A great mobile app adds that little something extra consumers just don’t get from a desktop or mobile site.  Offering instant information and efficient access to products, an app can increase loyalty by providing the consumer with an immediate handheld solution.  A well-designed app well allied to a wider integrated multi-channel retail policy can offer both consumers and brands with huge benefits. Here are 10 inspiring business apps that do just that.


Screen Shot 2014-07-21 at 13.29.02The Debenhams mobile app offers customers a simpler alternative to the department store’s desktop and mobile sites, allowing them to swiftly shop the full Debenhams collection.  The app enables users to scan barcodes while shopping in-store to check for sizes and prices as well as read other customer’s reviews of the item.

Also available for download on Android.


Zappos’ mobile app offers users the opportunity to manage their accounts and track their orders on a map, it also saves searches and notifies users when their desired products come back into stock. The use of push notifications means customers do not forget about purchases and are reminded when stock becomes available.

Also available for download on Android.

Domino’s Pizza


An effective app for ordering food that offers a built-in pizza tracker allowing users to keep an eye on what stage their pizza is at in the preparation and delivery process. Consumers can quickly order tailored takeaway meals and effortlessly pay while Domino’s has effectively cracked the age-old problem of customers calling up to find out where their pizza is.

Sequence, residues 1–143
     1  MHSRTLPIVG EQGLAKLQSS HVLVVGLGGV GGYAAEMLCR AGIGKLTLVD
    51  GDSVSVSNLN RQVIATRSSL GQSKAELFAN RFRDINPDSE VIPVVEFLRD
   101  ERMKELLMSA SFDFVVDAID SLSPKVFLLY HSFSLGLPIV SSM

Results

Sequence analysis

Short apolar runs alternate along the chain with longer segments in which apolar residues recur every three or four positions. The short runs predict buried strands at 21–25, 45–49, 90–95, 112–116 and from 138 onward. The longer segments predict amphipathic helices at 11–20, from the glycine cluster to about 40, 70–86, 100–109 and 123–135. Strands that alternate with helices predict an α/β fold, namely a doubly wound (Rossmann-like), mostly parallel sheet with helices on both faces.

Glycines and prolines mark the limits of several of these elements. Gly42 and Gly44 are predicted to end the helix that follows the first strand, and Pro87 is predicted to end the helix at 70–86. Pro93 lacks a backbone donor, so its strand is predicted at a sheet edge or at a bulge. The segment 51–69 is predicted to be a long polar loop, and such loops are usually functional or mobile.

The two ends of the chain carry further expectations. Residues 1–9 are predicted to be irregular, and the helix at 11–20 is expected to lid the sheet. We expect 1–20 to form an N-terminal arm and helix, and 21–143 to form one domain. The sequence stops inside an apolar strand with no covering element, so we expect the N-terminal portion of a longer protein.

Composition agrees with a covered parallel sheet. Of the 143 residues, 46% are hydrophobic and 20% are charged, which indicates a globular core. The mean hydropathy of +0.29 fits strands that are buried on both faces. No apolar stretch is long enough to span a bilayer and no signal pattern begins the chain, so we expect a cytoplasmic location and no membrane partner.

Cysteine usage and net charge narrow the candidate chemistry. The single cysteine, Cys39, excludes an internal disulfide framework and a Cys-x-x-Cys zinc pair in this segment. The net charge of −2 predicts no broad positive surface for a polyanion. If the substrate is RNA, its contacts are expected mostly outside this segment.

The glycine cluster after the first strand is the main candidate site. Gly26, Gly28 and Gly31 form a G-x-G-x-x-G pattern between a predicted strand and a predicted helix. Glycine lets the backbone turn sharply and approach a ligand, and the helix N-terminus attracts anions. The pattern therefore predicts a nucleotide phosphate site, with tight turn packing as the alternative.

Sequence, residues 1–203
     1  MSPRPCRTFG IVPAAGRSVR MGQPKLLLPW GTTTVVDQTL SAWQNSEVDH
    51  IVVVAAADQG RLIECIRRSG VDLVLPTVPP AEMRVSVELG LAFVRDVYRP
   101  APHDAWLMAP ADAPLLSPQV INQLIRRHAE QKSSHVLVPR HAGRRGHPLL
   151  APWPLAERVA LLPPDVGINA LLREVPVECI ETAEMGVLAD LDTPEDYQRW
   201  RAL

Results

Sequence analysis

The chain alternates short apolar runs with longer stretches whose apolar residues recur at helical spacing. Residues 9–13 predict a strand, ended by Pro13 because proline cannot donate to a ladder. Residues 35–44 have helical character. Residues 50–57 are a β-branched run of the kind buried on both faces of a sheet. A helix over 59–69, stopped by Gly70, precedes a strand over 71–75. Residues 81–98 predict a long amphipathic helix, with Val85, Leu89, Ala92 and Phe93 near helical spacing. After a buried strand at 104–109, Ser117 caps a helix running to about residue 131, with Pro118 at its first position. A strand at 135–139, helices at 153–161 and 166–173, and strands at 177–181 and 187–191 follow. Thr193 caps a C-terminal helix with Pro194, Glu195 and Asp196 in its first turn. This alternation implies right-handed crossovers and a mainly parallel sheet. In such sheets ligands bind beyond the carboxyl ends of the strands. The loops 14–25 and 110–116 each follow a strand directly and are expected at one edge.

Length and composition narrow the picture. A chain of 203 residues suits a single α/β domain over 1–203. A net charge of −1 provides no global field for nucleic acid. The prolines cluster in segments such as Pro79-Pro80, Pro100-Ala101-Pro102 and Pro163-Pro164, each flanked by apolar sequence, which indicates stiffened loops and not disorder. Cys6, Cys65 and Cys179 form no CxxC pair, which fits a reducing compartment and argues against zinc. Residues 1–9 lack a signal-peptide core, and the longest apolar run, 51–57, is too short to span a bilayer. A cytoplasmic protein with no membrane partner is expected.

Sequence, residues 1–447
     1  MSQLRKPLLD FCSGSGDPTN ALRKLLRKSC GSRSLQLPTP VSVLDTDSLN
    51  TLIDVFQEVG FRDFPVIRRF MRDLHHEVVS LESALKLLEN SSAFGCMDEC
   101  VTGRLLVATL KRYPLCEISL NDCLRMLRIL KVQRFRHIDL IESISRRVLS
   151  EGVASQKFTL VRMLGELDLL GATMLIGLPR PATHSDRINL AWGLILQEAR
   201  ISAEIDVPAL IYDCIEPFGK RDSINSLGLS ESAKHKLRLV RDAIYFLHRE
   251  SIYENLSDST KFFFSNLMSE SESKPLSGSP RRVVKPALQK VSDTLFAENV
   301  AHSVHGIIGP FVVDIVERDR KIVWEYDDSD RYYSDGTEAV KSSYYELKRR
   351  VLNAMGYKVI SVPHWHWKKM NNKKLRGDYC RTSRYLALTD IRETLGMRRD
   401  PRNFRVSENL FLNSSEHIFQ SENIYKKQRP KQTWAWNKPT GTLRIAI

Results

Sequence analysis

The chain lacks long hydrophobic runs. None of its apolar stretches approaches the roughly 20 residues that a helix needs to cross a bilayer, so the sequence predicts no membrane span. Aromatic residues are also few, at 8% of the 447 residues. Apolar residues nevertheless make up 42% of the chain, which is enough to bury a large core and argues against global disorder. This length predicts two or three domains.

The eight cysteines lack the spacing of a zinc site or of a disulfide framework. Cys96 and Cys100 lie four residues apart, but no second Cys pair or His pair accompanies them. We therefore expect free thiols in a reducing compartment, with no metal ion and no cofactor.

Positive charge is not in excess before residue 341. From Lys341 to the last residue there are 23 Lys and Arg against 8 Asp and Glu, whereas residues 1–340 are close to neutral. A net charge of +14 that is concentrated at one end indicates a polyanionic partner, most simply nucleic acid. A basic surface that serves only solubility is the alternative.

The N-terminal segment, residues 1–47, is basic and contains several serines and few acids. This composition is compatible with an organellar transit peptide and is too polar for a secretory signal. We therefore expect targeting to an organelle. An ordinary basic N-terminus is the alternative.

Available to download for iOS and Android.

EDF Energy

EDF Energy

EDF Energy’s app enables users to manage their electricity and gas accounts on their smartphones as well as quickly submitting meter readings by uploading a photo of the meter.  The recently updated Self Service feature also allows users to request paper copies of their bills as well as altering their direct debit amounts and offering energy saving tips. EDF’s app makes it easy for consumers to keep on top of their utilities and an eye on their outgoings.

Available to download on iOS and Android.



Autoglass app users can instantly diagnose the damage to their windscreens or side windows to find out what work is required to fix the glass.  A full overview of branch locations can be displayed on a map and users are given the opportunity to choose where they would like the work to be carried out along with an estimate of how long it will take and how much it will cost.

Available to download on iOS and Android.



ASDA app users can shop and pay for groceries on their smartphones as well as instantly adding items using a barcode scanner.  The app automatically syncs shopping lists across devices and enables users to shop from their Favourites, view ASDA’s petrol price at their closest petrol station and find their nearest ASDA store.  Additionally, the app makes use of a popular recipes suggestion feature to aid users with their grocery shopping.

Available for download on iOS and Android.



One of the most downloaded shopping apps in the world, the Amazon app enables users to shop the full selection of Amazon products and purchase items on the move.  The app uses push notifications to alert the customer when their parcel has been shipped and delivered, keeping them in the loop with their purchase and the brand’s name regularly popping up.  Amazon also offers a shareable wishlist feature with its app, encouraging family and friends to buy gifts through the retailer.

Available to download on iOS and Android.


Just-Eat Just-Eat’s easy to navigate mobile app enables users to search for a takeaway using their postcode before ordering and paying with their chosen method.  In 2013 downloads of the app increased by 500% while Just-Eat predicted that the app would reach 41.9 million smartphone users by 2015.

Available to download on iOS and Android.